Öcsi observed that in the short paragraph I quoted Orbán used the word "I" or "me" seventeen times. This paragraph was especially laden with Orbán's self-references, but considering that the whole speech was rather short (750 words) the first person singular appeared quite frequently. Those of you who are familiar with the Hungarian language know that because of the nature of Hungarian grammar one rarely uses pronouns in Hungarian. Therefore counting instances of the first person singular wasn't as simple as searching for the word "én."
The result is that Orbán used the first person singular 28 times in six paragraphs. In the fourth paragraph he switched to the first person plural in reference to members of parliament. For example, "People expect us to conquer the inheritance of the regime that was just replaced. So, we will conquer it. We will conquer crime, we will conquer unemployment, we will conquer the hopelessness of youth, the defenselessness of the old. We will conquer the mentality of 'let us dare to be small,'* we will conquer the politics of divida et impera, we will conquer the kind of arrogance that declares that one can leave the country if he doesn't like it.** We will conquer the real estate frauds and the running away from responsibility. We will conquer the practices of off-shore knights*** and payment for work not performed. We will conquer the corruption and waste that ruined the nation's capital. We will conquer the past because Hungary undivided decided that these things must be conquered (huge applause)."
By the way, the old regime according to Orbán is being replaced by the "regime of national collaboration." One can laugh about all this, but unfortunately it is a deadly serious business. In a democratic regime there are divergent opinions that are represented by parties and in parliament by the representatives of these parties. There are those who govern and those who are in opposition. If we try to replace this by a "regime of national collaboration" we are no longer talking about democracy but some kind corporative system similar to the regime of Mussolini.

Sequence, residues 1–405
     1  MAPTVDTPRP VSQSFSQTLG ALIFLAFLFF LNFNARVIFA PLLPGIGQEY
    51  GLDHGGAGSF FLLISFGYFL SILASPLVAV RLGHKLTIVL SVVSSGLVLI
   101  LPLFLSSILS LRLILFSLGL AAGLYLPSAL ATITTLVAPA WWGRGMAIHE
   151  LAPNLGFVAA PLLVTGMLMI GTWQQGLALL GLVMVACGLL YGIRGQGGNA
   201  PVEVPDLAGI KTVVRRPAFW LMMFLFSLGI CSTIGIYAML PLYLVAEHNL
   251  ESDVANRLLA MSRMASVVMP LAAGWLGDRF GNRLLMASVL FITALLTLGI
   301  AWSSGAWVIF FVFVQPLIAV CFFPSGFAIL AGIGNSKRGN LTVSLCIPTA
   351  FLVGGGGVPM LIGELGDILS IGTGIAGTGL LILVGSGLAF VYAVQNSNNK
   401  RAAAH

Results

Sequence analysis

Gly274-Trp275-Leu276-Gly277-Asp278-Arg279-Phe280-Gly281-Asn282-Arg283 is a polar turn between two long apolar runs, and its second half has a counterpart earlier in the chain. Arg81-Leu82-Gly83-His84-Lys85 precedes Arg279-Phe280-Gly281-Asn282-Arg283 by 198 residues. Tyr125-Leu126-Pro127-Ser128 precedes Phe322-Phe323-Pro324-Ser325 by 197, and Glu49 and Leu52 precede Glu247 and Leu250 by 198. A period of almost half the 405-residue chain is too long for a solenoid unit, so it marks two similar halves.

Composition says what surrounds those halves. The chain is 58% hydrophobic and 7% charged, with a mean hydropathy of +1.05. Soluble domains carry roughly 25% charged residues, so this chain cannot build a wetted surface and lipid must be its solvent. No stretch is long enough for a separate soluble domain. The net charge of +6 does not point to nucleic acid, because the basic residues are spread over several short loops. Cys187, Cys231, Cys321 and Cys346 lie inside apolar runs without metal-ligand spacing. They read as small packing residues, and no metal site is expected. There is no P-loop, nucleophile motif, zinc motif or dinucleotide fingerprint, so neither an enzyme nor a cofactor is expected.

We will see how much of this "regime change" materializes. I guess a lot will depend on whether the "revolutionary" Fidesz government is able to conquer all those evil things Orbán inherited.
*"Let us dare to be small" is allegedly a reference to something László Kovács said, but I can't find the origin of the saying.
**"One can leave the country if he doesn't like it." There was a discussion about tax cuts between Ferenc Gyurcsány and some very wealthy Hungarian businessmen who threatened to leave the country because in Slovakia the tax rate is lower. Gyurcsány lost his cool and said that if their patriotism extends only that far, please go.
*** The phrase "off-shore knight" was used by Viktor Orbán in connection with András Simor, chairman of the Hungarian National Bank, who at one point had a business registered in Cypress.